GEODE - Kaspersky - CIGREF
• Arnaud Coustillière (private sector, Western European Group) • Clara Morlière, Cigref (private sector, Western European Group) • Anastasiya Kazakova, Kaspersky (private sector, Eastern European Group) • Aude Géry, GEODE (civil society, Western European Group) • Andreas Kuehn, ORF America (civil society, North American Group)
Anastasiya Kazakova, Kaspersky (private sector, Eastern European Group)
Aude Géry, GEODE (civil society, Western European Group)
Clara Morlière, Cigref (private sector, Western European Group)
Andreas Kuehn, ORF America (civil society, Western European Group)
Jonas Grätz, Deputy Head, State Secretariat, STS, Policy Planning, Federal Department of Foreign Affairs to share the perspective from the Geneva Dialogue (government, Western European Group)
May-Ann Lim, Executive Director, Asia Cloud Computing Association
Katerina N. Megas, Program Manager, Cybersecurity for Internet Security, NIST
Clara Morlière, Cigref
Anastasiya Kazakova, Kaspersky
The proposed session consists of:
I. Presentation of the multi-stakeholder collective work within WG6 on key initiatives for ICT supply chain security, and preliminary analysis and recommendations [30 min]; and II. Panel discussion with a broader multi-stakeholder community to identify further implementation challenges and incentives as well as roles and responsibilities each stakeholder group has in ensuring ICT supply chain security [60 min].
We also reached out to the French Ambassador for Digital Affairs, Henri Verdier, for opening remarks.
Recent cyber incidents, including the SolarWinds and Exchange Server hacks, remind us about the importance of secure ICT supply chains to operate critical digital infrastructure and services in a trusted manner. The global COVID-19 pandemic has also emphasized the importance of trusted digital services build upon global supplier networks that all rely on ICT. Despite significant efforts to shore up supply chain security through discussions in international forums, new supply chain security frameworks and standards driven by governments and industry, implementing the right measures effectively along supply chains in transnational organizations as well as small and medium-sized enterprises remains challenging. This 0day session will provide a platform to discuss practical ways to advance ICT supply chain security, with two desired outcomes in mind: 1. To close the ‘knowledge gap’ by discussing and sharing the preliminary findings of the Working Group 6 (WG6) of the Paris Call for Trust and Security in Cyberspace on ICT supply chain security, and using the 0day session’s discussion as further input to the Paris Call process. The discussion will be based on the WG6’s comprehensive mapping of key supply chain security initiatives and analysis; and 2. To close the ‘implementation’ and ‘accountability gaps’ by discussing with representatives of different stakeholder groups – including governments, the ICT industry, and civil society – and of regions – including Europe, North and South America, Africa, and Asia-Pacific – factors leading to success and failure in the implementation of these initiatives, as well as roles and responsibilities of different stakeholder groups in achieving ICT supply chain security.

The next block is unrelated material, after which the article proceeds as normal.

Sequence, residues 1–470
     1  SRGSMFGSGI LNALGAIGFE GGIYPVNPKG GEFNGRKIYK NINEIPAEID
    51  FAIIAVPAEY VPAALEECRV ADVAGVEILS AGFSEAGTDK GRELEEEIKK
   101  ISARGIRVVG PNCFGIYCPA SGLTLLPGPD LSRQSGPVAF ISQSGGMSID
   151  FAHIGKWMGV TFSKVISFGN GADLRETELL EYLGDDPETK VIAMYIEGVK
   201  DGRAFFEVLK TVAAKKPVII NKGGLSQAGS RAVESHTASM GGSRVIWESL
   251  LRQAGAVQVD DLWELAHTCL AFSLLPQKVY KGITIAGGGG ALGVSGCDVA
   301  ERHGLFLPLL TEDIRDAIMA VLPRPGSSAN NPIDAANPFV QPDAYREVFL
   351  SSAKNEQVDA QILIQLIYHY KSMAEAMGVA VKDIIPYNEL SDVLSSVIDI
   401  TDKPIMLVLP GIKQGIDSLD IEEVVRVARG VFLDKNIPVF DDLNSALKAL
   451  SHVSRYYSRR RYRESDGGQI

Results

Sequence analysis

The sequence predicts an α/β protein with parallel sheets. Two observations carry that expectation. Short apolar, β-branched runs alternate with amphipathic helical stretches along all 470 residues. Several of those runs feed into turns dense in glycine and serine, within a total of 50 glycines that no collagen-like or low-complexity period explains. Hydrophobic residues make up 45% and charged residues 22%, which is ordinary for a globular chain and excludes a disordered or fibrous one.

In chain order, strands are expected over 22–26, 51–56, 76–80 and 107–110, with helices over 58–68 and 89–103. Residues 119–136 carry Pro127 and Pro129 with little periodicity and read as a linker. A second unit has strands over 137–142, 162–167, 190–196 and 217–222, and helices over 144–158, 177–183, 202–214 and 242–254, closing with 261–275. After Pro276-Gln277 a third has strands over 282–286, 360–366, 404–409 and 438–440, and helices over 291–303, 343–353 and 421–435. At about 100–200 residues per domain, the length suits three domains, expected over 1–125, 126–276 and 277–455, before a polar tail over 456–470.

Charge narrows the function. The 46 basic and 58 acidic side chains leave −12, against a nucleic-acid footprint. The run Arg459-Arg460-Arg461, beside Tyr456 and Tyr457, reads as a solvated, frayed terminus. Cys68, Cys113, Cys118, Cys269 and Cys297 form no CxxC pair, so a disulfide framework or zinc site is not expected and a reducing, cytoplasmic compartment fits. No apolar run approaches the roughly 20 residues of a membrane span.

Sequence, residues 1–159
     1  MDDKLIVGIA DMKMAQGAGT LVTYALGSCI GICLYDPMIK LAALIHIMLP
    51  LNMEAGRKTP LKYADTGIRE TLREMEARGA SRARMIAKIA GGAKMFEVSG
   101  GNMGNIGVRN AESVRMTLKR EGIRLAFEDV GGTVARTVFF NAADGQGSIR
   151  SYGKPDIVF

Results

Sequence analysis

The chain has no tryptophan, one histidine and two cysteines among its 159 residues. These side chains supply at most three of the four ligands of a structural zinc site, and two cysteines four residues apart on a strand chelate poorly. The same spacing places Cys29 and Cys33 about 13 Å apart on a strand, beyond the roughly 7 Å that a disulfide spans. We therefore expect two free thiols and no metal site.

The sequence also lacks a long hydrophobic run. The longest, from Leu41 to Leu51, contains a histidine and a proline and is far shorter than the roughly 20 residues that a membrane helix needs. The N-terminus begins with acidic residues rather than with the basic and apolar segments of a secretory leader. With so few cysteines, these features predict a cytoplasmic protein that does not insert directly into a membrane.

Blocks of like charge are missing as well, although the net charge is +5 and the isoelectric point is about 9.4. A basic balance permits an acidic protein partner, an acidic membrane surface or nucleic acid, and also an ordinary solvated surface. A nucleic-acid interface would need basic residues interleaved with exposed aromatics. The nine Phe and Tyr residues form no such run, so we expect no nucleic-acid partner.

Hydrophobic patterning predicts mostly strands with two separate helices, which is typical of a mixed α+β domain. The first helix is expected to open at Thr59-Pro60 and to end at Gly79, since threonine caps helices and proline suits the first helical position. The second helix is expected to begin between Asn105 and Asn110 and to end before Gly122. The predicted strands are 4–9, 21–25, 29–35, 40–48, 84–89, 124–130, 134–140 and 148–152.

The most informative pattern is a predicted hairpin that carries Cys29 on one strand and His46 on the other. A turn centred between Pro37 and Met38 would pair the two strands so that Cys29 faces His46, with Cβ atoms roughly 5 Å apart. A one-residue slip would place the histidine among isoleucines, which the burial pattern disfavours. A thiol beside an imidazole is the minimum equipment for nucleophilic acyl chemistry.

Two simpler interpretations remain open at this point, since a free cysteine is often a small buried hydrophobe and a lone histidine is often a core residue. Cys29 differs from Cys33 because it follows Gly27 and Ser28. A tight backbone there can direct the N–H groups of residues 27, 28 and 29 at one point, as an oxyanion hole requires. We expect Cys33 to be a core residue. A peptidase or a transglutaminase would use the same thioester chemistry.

Relying on the experience of continuous work within WG6 of the Paris Call and the 2020 UN IGF Workshop on Assurance and Transparency in ICT Supply Chain Security, the session aims to deepen the discussion on practical tools and knowledge regarding ICT supply chain security, and to share it with the global internet governance community.
The session will address IGF 2021 emerging and cross-cutting issue areas on: (i) inclusive internet governance ecosystems and digital cooperation, as we will cover questions relating to governance and cooperation for achieving ICT supply chain security as a prerequisite to cyberstability (what tools, mechanisms, measures and steps, including on capacity building, are needed for different stakeholder groups to strengthen ICT supply chain security? How can a multi-stakeholder community, including states, the private sector, technical experts and civil society as well as considering different levels of capacities and cybersecurity maturity, build effective cooperation and achieve collective results for ICT supply chain security?)
(ii) Trust, security, and stability, as we will cover questions relating to cybersecurity practices and mechanisms (what initiatives on ICT supply chain security already exist? What leads to success and failure in their implementation?) as well as on accountability of different stakeholder groups (states, private sector and civil society) in contributing to greater ICT supply chain security as a prerequisite to cyberstability.
The interactive session has two parts: (i) short presentations of the work and findings accomplished within the 2021 work within the WG6 of the Paris Call, and (ii) an open panel discussion facilitated by a moderator and key experts with allocated space for interventions and reflections by other attendees.
A separate remote moderator will be responsible for facilitating remote interventions via the chat.
Organizers will also use online polls (e.g., menti.com) to encourage frequent interaction with all attendees.